Imm Cologne 2016: Tool-Free Furniture Construction
The demand for easy-to-build furniture continues to grow as consumers seek affordable designs that can be taken apart as needed (see Flat-Pack Futures for more). At Imm Cologne, we spotted two new tool- and adhesive-free solutions for simple assembly and disassembly.
Qlick is an innovative construction method inspired by traditional wood-joining techniques. Developed by three students from RWTH Aachen University in Germany, 3D-printed plastic clips are used to fasten CNC-manufactured wooden pieces together, although the team suggest injection moulding could replace 3D printing for mass manufacturing.
The plastic clip locks into place to create a strong structure in a similar way to a wooden pin in conventional joinery. However, the flexibility of the plastic enables the clip to be easily removed to deconstruct the furniture. The team showcased stools and shelving units at the show, but the component has potential for a wide range of furniture applications.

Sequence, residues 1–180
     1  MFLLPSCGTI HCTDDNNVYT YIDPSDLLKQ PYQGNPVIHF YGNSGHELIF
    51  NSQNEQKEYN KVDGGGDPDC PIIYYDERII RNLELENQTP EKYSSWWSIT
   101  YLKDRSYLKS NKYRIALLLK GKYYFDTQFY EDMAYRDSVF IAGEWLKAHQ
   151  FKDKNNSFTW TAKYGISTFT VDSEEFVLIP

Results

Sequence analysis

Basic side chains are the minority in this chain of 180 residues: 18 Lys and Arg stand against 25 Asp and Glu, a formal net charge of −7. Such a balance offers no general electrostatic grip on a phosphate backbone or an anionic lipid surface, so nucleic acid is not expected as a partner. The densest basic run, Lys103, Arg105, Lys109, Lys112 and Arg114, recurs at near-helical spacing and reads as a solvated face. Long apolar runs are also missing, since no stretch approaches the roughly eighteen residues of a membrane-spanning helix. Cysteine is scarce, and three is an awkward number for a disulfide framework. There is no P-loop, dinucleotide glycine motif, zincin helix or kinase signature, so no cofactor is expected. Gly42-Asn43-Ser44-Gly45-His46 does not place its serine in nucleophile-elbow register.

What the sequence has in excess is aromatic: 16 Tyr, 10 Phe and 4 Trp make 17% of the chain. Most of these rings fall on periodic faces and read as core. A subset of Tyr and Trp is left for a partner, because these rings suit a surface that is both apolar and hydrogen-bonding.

Pazls is a modular furniture system that uses magnets to enable simple construction and rearrangement without the need for tools. As the panels are brought together, a magnet in the side edge pulls out a metal pin in the opposing face – the pin snaps into the according notch to create a secure joint. To release the structure, the user simply pushes the panel upwards to break the joint – a spring surrounding the metal pin pulls it back into the panel for a seamless design.
The panels can be composed into multiple configurations, including shelving, sideboards, desks and drawers. For more examples of how magnets are being used in product design, see Magnetic Potential.
Adaptable furniture suits the nomadic lifestyles of the generation of renters previously identified in Design Democracy: Shift. For more on designing to suit changing consumer needs and lifestyles, see Modern Family: The Evolving Domestic Landscape.
See our full coverage of IMM Cologne for more highlights from the show.